FCC Wraps Up Ultra-Long Ultra-Wideband Proceeding

A promising technology is slowed by regulators, then stifled in the standards-setting process.

After 12 years, the FCC has closed out one of the longest and most contentious rulemakings in recent memory.

Ultra-wideband was bound to be controversial from the start.  The basic idea consists of spreading a low-level signal across a very wide swath of spectrum, often a gigahertz or more. In principle, the level at any one frequency is too low to interfere with conventional spectrum users, but the power adds up across the wide bandwidth into a useful signal.

The FCC expected two main kinds of uses: data transmission, which can reach hundreds of megabits per second over short distances, and a variety of imaging and radar applications.

The Slow Grind of Regulation

When the FCC first proposed rules to allow ultra-wideband, virtually all major categories of spectrum users rose up as one to oppose it. The opposition included:

  • aerospace companies
  • amateur radio associations and operators
  • airlines and their associations
  • broadcasters
  • major cell phone manufacturers
  • cell phone service providers (especially vehement in their opposition)
  • U.S. Government agencies (including the Department of Defense, Federal Aviation Administration, and NASA)
  • the GPS industry association and several manufacturers
  • aviation radio interests
  • maritime radio interests
  • medical telemetry companies
  • many police and fire departments
  • satellite radio providers
  • many satellite companies and their association (likewise vehement)
  • telephone equipment manufacturers, and
  • many more.

Facing down this expensively lawyered force was a small handful of start-up companies, backed by a few established radar manufacturers. But the start-ups had something on their side even more powerful than lawyers: the laws of physics. Straightforward analyses showed that ultra-wideband, with appropriate safeguards, was non-interfering.  Opponents that tried to show otherwise had to make unrealistic assumptions in their math. At least, that is how the FCC saw it.

The starting date was September 1, 1998, just over 12 years ago, with a Notice of Inquiry. The FCC followed in 2000 with proposed rules. After sitting through many months of vigorous lobbying and counter-lobbying, the FCC authorized ultra-wideband in 2002. To accommodate some of the opponents, it divided the authorized devices into several distinct categories. All had strict limits on radio emissions, and all but one had limits on eligibility or other aspects of usage. The highest power authorized for any type of device, at any frequency, was the same minuscule level permitted for stray emissions from laptops and iPods. Limits were lower still in some frequency bands, to avoid particular incumbents, with the details varying by ultra-wideband category. For all types, permitted power in the GPS satellite bands was less than three trillionths of a watt – by far the smallest number anywhere in the FCC rules.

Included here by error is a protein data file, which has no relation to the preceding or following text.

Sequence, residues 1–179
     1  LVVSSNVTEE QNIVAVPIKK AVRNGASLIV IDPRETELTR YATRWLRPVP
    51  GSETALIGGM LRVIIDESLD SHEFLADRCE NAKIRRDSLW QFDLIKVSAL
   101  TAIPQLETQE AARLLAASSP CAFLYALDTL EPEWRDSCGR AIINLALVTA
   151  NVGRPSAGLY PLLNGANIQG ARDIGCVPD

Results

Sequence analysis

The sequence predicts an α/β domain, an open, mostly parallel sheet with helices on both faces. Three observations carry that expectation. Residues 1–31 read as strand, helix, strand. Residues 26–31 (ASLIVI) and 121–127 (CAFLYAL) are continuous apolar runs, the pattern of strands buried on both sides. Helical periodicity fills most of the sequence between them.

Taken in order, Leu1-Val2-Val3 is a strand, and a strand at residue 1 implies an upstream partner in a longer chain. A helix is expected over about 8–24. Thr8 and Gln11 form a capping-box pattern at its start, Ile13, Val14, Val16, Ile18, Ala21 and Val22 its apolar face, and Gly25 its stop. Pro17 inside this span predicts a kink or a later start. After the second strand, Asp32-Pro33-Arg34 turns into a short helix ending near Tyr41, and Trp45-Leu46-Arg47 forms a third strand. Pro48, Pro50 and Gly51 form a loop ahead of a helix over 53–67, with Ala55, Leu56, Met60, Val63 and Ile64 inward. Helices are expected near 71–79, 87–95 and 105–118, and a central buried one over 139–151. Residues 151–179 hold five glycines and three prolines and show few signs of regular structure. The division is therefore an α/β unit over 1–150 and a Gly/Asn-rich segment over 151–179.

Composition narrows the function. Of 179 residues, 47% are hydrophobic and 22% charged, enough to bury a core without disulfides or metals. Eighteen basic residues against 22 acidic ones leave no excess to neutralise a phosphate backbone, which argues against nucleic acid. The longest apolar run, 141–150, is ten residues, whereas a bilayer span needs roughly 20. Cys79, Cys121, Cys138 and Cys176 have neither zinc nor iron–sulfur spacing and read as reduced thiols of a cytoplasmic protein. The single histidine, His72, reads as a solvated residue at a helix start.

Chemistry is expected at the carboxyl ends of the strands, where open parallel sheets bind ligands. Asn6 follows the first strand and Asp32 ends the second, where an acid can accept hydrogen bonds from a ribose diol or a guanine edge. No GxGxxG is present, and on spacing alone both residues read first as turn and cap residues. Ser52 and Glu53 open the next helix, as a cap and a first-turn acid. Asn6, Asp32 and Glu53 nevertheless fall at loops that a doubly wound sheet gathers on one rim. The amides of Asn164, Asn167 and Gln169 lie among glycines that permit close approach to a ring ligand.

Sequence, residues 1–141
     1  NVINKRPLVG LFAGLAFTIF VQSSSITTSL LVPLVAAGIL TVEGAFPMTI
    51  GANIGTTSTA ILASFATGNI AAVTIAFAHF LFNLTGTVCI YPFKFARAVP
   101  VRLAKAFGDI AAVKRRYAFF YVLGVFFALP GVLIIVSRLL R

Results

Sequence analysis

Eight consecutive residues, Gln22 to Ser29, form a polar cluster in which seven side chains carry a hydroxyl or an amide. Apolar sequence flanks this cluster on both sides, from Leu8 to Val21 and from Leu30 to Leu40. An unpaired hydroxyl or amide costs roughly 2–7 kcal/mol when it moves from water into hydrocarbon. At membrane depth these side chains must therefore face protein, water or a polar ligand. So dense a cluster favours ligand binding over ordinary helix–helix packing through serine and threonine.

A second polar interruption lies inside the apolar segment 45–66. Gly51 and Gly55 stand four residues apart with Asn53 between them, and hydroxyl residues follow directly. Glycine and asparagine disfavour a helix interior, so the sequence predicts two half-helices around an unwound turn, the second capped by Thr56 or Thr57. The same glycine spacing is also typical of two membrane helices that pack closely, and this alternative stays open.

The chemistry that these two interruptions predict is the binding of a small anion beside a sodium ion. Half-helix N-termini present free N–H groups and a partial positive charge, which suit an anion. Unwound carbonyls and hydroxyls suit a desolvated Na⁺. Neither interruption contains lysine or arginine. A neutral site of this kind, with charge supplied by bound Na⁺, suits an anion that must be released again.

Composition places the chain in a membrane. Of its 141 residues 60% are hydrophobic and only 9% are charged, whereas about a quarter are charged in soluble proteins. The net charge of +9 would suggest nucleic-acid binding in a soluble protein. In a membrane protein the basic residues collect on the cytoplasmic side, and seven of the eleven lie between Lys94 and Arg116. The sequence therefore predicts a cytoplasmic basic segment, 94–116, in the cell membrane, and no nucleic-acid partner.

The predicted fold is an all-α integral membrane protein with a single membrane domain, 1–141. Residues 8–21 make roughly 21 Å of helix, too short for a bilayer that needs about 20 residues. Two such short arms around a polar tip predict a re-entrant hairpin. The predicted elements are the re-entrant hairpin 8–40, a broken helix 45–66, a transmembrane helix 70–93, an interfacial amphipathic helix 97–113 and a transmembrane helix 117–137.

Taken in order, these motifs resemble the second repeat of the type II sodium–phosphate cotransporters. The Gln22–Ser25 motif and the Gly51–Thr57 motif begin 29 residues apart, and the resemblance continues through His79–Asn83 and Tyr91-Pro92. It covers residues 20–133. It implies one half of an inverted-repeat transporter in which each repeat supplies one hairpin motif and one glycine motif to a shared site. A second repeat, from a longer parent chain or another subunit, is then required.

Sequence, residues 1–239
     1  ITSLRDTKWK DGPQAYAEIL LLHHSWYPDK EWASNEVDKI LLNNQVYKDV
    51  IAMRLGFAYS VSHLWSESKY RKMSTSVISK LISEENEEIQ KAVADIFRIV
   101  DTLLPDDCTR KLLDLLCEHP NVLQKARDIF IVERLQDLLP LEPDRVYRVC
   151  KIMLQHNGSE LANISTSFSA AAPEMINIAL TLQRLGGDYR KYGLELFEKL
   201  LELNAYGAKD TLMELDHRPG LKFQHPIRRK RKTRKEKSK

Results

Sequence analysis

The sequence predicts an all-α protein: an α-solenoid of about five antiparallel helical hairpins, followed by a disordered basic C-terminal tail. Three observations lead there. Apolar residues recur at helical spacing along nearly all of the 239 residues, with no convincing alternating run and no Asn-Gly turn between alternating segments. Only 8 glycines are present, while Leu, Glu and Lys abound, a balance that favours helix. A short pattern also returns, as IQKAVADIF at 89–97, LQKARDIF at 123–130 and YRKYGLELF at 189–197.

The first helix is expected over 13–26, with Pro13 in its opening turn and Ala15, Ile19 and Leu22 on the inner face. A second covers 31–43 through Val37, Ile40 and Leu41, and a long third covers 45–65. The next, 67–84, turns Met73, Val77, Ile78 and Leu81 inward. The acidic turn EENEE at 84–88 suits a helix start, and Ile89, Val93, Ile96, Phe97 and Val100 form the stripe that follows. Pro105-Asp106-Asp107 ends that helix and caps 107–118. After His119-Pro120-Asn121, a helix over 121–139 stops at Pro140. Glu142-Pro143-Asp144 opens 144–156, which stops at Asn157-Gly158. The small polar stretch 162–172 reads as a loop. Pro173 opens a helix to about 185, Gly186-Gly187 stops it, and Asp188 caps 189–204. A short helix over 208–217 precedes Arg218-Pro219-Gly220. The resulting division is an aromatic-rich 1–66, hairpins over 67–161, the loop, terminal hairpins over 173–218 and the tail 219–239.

The rules made a lot of people unhappy. Eight spectrum users, collectively representing the cell phone, satellite, and aviation industries, filed six petitions for reconsideration. Each wanted the allowed power cut back in their respective bands. Ten ultra-wideband developers and users filed nine petitions, most seeking more power and/or fewer usage restrictions. One FCC official, noting the roughly equal numbers of objections from both sides, joked about how that showed that the Commission must have got it right.

In 2003, the FCC made some tweaks, but largely brushed off all factions and left the substance of the rules unchanged.

Two spectrum users (cell phone and satellite) sought reconsideration of the reconsideration order. You can start to see a pattern.

In 2004, the FCC denied both those petitions as having presented no new evidence of interference. It also allowed ultra-wideband-like operation in certain frequency bands, at the same low power, but with a reduced bandwidth requirement. The FCC called these “wideband” systems, without the “ultra.”

You will not be surprised to hear the same satellite and cell phone interests again sought reconsideration. This made their third time back on the same issues.

While the lawyers were busy filing their petitions and oppositions, the engineers kept busy, too. By 2004, in addition to the original “direct sequence” modulation form of ultra-wideband (dubbed DS-UWB), they had developed an alternative version called MB-OFDM (easier to say than “multi-band orthogonal frequency division multiplexing” ). MB-OFDM advocates argued that a certain detail of the FCC’s technical rules disadvantaged them unfairly, relative to DS-UWB. They requested a waiver as to that detail.  The DS-UWB proponents opposed the waiver, claiming it would allow an MB-OFDM signal four times more powerful than the rules intended, and cause interference to nearby DS-UWB systems. The FCC granted the waiver in 2005. Solomon-like, though, it phrased the decision in a way that gave DS-UWB developers the same four-fold power boost as MB-OFDM.